It seems like every commencement speech, career counselor and self-help book offers the same advice when it comes to choosing your career: “follow your passion.” But what if that advice is all wrong?
Cal Newport, a computer science professor at Georgetown, believes that it’s not only wrong, but destructive. In a piece in The New York Times, Newport argues that the “follow you passion” mindset has a dangerous effect:
Every time our work becomes hard, we are pushed toward an existential crisis, centered on what for many is an obnoxiously unanswerable question: “Is this what I’m really meant to be doing?” This constant doubt generates anxiety and chronic job-hopping.
Newport’s contrarian view holds that we develop our passion for something only after we’ve done it long enough to start to get good at it. Sure, there are a few lucky people out there who know exactly what they want to do with their lives from a relatively young age, but for the rest of us, according to Newport, passion follows skill — and skill takes a lot of (sometimes unpleasant) effort to develop.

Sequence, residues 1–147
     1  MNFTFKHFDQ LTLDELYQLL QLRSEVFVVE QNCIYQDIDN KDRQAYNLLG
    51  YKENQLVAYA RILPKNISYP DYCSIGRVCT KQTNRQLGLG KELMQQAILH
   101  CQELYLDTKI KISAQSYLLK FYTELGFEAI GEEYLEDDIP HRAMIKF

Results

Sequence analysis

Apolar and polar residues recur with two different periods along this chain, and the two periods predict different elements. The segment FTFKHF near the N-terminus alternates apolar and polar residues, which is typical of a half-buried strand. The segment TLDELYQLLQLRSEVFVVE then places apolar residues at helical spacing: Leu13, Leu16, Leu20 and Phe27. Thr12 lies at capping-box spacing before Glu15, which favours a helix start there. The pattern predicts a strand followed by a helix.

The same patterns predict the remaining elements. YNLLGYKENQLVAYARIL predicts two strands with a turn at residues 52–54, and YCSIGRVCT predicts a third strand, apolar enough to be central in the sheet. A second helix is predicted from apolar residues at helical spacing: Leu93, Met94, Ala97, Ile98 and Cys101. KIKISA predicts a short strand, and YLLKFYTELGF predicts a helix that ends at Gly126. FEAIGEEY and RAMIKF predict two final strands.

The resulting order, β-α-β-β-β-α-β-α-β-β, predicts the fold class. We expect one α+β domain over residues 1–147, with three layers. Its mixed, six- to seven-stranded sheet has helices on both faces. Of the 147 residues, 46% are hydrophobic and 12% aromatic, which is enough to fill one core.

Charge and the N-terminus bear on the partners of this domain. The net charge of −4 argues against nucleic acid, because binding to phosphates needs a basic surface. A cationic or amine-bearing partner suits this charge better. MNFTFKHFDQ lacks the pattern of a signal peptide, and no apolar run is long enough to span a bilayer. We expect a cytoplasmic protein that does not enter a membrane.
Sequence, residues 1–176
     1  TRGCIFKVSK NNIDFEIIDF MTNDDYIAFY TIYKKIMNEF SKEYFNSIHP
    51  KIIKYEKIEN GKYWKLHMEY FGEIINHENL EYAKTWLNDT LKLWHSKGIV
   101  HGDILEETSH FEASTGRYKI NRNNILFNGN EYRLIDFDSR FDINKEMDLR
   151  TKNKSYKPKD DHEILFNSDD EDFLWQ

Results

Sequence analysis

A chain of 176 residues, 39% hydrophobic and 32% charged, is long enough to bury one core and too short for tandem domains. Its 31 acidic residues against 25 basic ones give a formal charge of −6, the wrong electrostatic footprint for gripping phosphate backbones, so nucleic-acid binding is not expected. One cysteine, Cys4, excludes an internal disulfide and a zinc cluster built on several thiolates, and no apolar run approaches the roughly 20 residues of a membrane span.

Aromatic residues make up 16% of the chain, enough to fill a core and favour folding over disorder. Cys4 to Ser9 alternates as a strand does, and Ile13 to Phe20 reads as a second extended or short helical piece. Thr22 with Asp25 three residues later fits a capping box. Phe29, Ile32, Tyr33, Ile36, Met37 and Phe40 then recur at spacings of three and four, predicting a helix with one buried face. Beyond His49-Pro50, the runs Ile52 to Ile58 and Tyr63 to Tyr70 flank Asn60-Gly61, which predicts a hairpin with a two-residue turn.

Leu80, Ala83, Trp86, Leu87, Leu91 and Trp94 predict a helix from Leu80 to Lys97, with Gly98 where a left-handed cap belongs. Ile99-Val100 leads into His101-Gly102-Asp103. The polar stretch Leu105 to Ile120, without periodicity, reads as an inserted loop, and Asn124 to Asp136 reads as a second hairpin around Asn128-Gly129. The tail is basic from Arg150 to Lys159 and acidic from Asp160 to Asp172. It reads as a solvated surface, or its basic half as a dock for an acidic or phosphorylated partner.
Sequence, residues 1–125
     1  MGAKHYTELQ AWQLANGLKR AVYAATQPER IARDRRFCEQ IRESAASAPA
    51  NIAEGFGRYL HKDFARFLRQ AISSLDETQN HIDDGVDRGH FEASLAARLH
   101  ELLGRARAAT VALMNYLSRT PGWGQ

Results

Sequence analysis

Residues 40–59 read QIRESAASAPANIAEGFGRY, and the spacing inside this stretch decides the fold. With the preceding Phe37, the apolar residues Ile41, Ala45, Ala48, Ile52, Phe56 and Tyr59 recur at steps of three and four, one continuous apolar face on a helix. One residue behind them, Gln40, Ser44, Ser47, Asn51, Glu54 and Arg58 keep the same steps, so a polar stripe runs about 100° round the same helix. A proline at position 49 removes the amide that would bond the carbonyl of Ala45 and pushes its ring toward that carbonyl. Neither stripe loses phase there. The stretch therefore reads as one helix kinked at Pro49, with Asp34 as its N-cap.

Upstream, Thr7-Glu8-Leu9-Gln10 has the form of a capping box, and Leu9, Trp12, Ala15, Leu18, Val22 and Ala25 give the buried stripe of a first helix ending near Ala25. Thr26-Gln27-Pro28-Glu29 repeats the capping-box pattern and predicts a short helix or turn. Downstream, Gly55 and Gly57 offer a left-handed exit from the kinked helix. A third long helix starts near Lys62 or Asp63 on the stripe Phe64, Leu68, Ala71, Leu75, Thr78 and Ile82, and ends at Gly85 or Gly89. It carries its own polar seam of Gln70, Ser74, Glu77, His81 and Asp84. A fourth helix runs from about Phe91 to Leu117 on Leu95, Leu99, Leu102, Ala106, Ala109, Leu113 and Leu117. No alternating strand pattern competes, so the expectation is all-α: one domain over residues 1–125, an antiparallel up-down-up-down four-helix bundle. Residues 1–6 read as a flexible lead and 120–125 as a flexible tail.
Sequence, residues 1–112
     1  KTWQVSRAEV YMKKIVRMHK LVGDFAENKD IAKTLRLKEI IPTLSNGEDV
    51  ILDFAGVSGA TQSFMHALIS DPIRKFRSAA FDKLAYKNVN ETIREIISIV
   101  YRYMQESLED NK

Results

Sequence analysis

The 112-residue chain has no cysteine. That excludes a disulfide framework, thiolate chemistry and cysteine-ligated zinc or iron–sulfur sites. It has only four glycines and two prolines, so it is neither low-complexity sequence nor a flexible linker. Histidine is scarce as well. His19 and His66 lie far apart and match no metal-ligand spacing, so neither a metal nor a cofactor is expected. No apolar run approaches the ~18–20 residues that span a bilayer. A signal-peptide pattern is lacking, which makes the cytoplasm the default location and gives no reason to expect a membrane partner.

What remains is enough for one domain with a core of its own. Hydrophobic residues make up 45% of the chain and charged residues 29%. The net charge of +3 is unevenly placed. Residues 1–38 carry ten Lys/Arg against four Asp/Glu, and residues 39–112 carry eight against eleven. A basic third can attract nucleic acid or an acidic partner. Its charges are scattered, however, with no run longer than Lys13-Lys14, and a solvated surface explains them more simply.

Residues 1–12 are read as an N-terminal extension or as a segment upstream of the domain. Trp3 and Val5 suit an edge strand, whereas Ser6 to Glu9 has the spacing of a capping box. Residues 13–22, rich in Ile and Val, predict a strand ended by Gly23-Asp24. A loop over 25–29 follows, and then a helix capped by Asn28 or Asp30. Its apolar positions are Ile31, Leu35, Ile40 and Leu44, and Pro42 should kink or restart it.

The traits that lead people to love their work are general and have little to do with a job’s specifics. These traits include a sense of autonomy and the feeling that you’re good at what you do and are having an impact on the world…These traits can be found in many jobs, but they have to be earned. Building valuable skills is hard and takes time. For someone in a new position, the right question is not, “What is this job offering me?” but, instead, “What am I offering this job?”
Newport sums it up this way: “Passion is not something you follow. It’s something that will follow you as you put in the hard work to become valuable to the world.”
Newport goes into much greater depth about his views on passion in his book So Good They Can’t Ignore You.
And here’s Newport giving a talk on the subject of passion at a conference sponsored by 99U:
What do you think? Is “follow your passion” good advice, or is Newport right?